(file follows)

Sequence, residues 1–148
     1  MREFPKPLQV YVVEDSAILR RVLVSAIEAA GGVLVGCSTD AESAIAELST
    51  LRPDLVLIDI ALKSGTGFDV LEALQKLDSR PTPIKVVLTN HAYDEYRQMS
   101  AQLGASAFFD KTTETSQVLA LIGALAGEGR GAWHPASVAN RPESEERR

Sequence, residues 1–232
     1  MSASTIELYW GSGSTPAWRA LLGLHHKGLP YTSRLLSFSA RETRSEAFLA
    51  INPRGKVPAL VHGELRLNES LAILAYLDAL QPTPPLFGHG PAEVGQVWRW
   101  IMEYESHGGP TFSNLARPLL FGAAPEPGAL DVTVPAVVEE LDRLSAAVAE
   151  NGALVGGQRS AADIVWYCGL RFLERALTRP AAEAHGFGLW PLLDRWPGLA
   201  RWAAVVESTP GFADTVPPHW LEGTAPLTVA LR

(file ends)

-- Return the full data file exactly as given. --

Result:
Sequence, residues 1–148
     1  MREFPKPLQV YVVEDSAILR RVLVSAIEAA GGVLVGCSTD AESAIAELST
    51  LRPDLVLIDI ALKSGTGFDV LEALQKLDSR PTPIKVVLTN HAYDEYRQMS
   101  AQLGASAFFD KTTETSQVLA LIGALAGEGR GAWHPASVAN RPESEERR

Sequence, residues 1–232
     1  MSASTIELYW GSGSTPAWRA LLGLHHKGLP YTSRLLSFSA RETRSEAFLA
    51  INPRGKVPAL VHGELRLNES LAILAYLDAL QPTPPLFGHG PAEVGQVWRW
   101  IMEYESHGGP TFSNLARPLL FGAAPEPGAL DVTVPAVVEE LDRLSAAVAE
   151  NGALVGGQRS AADIVWYCGL RFLERALTRP AAEAHGFGLW PLLDRWPGLA
   201  RWAAVVESTP GFADTVPPHW LEGTAPLTVA LR